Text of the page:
The first of two special sections for the 2017 issue of Pacific World: Journal of the Institute of Buddhist Studies has now been posted on the Pacific World site: http://www.shin-ibs.edu/publications/pacific-world/pacific-world-third-series-number-19-2017/. The special section is titled “Subjectivity in Shin Buddhism,” and is guest edited by Dr. Gordon Bermant, University of Pennsylvania and Institute of Buddhist Studies. The section comprises seven essays and an introduction by Dr. Bermant. The essays are:

Introduction to the Special Section on Subjectivity in Shin Buddhism
Gordon Bermant, University of Pennsylvania

The Subjective View of the Student: Aṅgulimāla and Myōhōbō
Patti Nakai, Buddhist Temple of Chicago

Subjectivity at the Heart of Jōdo Shinshū Spirituality and Doctrine: Defining the Meaning of Subjectivity
Kenneth K. Tanaka, Musashino University

The Nature and Importance of Subjectivity in Shin Buddhism
Gordon Bermant, University of Pennsylvania

Cross-Cultural Contributions to Psychology and Neuroscience: Self, Mind, and Mindfulness in
Buddhism
David Bryce Yaden, University of Pennsylvania
Mostafa Meleis, University of Pennsylvania
Andrew B. Newberg, Thomas Jefferson University Hospital
Dave R. Vago, Vanderbilt University Medical Center, and
Justin McDaniel, University of Pennsylvania

Constructing the Self in Pure Land Buddhism: The Role of Ritualized, Embodied Activity in a Social Context
Richard K. Payne, Institute of Buddhist Studies

The Stories We Tell: The Study and Practice of Jōdo Shinshū Buddhism
Scott A. Mitchell, Institute of Buddhist Studies

Subjectivities, Fish Stories, Toxic Beauties: Turning the Wheel Beyond “Buddhism?”
Galen Amstutz, Independent scholar and Institute of Buddhist Studies instructor

A second special section on Recent Research on Tantric Buddhism will be appearing in the near future.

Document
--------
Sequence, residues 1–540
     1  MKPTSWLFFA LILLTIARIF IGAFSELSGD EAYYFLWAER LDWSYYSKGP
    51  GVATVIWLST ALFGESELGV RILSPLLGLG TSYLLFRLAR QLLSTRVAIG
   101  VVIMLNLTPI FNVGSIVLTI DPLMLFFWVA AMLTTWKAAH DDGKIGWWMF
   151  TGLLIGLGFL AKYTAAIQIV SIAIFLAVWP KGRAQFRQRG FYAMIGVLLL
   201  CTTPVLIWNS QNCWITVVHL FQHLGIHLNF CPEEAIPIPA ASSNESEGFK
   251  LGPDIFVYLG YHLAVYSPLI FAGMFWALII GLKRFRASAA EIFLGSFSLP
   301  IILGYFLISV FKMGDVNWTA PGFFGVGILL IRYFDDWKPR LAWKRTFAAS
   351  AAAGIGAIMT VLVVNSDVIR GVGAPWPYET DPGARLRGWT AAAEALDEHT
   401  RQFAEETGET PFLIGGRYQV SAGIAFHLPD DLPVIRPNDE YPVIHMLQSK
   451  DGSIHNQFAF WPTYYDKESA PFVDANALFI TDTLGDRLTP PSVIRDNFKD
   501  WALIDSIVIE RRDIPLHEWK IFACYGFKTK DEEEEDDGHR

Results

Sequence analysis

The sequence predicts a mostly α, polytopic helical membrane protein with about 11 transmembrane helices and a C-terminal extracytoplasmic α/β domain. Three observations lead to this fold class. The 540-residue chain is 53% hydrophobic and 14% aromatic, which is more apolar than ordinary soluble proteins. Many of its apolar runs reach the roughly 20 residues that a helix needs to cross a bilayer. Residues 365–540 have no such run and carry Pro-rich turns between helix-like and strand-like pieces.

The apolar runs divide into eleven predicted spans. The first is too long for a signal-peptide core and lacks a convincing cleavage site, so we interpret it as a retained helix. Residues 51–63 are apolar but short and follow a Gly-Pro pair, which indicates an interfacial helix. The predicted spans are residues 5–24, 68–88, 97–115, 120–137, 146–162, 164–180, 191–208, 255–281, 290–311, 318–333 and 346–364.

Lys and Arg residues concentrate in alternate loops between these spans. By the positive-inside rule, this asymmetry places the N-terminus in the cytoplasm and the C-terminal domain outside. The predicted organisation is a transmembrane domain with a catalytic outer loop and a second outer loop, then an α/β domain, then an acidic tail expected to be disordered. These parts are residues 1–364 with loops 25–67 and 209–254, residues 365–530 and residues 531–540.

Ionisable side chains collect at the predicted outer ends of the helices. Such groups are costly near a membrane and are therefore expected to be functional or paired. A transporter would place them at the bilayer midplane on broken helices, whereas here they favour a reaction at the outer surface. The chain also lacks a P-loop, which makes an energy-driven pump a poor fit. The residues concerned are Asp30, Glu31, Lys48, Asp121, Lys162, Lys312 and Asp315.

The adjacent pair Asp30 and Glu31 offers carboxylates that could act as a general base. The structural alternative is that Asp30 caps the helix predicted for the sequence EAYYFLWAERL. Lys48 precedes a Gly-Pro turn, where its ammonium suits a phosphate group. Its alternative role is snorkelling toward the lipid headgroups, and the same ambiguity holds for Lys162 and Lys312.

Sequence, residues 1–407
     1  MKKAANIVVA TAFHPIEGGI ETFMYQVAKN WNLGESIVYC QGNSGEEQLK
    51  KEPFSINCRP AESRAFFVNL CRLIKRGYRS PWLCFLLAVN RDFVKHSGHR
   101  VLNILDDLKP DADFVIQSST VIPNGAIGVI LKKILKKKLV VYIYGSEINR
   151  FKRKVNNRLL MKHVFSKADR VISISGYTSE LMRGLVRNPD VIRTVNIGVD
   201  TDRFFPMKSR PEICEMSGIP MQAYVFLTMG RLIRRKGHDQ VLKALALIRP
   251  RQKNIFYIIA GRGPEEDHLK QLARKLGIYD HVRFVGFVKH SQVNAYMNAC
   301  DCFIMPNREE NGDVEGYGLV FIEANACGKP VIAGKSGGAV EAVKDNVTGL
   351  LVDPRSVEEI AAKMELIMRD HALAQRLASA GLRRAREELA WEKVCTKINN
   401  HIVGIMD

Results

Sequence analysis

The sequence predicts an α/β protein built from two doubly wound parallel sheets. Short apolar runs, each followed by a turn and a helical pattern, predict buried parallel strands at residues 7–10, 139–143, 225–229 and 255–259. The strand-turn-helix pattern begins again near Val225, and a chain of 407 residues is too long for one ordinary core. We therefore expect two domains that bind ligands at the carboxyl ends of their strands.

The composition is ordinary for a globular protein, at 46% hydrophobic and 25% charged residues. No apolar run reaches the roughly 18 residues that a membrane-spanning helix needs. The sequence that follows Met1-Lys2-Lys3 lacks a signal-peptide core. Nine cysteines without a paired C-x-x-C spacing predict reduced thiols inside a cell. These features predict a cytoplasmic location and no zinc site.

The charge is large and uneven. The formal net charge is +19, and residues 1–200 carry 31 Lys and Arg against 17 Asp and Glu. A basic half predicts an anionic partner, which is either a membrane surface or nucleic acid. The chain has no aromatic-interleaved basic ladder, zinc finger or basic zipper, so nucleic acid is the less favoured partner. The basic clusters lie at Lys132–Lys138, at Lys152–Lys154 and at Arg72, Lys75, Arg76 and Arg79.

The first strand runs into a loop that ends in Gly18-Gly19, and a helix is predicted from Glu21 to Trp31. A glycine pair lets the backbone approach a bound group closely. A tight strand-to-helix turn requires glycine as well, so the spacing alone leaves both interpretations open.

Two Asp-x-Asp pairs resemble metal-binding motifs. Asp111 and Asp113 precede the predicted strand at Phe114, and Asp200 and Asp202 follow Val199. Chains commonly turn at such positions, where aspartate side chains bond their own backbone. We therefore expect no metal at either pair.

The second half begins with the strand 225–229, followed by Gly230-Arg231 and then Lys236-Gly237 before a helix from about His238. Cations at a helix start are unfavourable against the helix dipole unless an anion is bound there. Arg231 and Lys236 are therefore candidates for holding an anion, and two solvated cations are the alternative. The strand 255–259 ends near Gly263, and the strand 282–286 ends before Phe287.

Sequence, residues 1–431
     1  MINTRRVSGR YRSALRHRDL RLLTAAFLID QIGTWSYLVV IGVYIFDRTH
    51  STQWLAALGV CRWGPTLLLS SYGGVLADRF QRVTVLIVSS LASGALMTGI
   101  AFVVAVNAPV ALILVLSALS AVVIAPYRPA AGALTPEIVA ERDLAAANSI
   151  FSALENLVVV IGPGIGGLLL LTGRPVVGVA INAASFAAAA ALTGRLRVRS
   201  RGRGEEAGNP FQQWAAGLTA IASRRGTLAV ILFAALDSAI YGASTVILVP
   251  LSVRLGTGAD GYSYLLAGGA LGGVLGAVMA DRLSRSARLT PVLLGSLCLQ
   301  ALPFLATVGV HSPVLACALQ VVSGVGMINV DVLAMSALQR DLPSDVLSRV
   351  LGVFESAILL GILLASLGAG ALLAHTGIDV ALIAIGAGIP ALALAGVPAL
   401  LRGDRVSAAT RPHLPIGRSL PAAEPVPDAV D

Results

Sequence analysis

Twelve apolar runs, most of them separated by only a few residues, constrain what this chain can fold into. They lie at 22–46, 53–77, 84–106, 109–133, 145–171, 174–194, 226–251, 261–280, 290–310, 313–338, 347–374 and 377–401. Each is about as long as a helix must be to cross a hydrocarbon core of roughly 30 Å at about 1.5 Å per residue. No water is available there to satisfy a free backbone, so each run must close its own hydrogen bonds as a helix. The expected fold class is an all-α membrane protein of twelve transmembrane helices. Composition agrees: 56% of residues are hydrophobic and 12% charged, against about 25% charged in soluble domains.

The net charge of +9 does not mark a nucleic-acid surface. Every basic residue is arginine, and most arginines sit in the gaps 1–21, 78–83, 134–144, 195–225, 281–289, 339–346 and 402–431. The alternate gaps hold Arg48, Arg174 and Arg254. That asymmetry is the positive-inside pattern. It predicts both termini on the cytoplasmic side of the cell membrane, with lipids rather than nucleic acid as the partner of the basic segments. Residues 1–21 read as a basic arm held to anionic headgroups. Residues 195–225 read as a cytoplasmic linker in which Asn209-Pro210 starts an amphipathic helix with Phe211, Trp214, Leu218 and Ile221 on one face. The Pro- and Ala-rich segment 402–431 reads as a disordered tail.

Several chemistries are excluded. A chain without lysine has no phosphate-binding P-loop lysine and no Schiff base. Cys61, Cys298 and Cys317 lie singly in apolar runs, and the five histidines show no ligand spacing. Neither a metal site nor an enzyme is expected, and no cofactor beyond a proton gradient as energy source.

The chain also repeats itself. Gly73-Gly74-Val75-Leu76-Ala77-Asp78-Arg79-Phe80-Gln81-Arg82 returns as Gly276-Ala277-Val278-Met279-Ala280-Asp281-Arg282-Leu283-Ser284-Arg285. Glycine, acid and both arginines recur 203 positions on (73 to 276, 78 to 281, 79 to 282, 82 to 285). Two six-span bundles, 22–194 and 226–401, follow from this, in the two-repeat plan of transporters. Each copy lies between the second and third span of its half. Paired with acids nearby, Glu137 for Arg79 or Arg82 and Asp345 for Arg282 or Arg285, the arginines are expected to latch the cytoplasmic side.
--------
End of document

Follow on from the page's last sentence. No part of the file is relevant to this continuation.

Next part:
Chinese and Tibetan Esoteric Buddhism

Review from Reading Religion, AAR: here
chinese
Editor(s): Yael Bentor, Meir Shahar

Review

Comprising seventeen essays divided into seven sections, this collection makes important contributions to the study of esoteric Buddhism in two geographical areas: China and Tibet. However, the collection provides a perspective in which the two are seen as interrelated, rather than separated by the default tendency to organize research according to contemporary nation-states. Yet in addition to the divisions implicated by the categories of Chinese Buddhism and Tibetan Buddhism, there is a political and intellectual history that serves to separate the two as well.

Given the importance of India as the source of legitimacy and authority in Tibetan traditions, it is the axis between India and Tibet that has tended to receive the majority of scholarly attention in the study of Buddhism. Attention to that relation is of course deserved. For the history of esoteric Buddhism, however, the relation between Tibet and the Buddhist traditions of neighboring societies also deserves attention, more than it has received to date. An important exception to this neglect is Matthew Kapstein’s Buddhism between Tibet and China (Wisdom Publications, 2009). While Kapstein’s collection is wide-ranging, Bentor and Shahar focus specifically on esoteric Buddhism in their collection.

The first part, “Chinese Perspectives on the Origins of Esoteric Buddhism,” gives us three essays that examine this question from different perspectives: subjectivity, the use of spells, and lexical considerations. Also explored is the long-standing contentious debate over the relation between tantra and Chan in the three essays of the second part, “Chan, Chinese Religions, and Esoteric Buddhism.” “Scriptures and Practices in Their Tibetan Context” is the third part, and includes three essays that look at Tibetan Buddhist practices as such. As is the case today, Tibetan Buddhism is not only to be found within Tibet, but also has its own history within China. This is the subject of the two essays of part four, “Tibetan Buddhism in China,” examining Ming and contemporary instances of that history.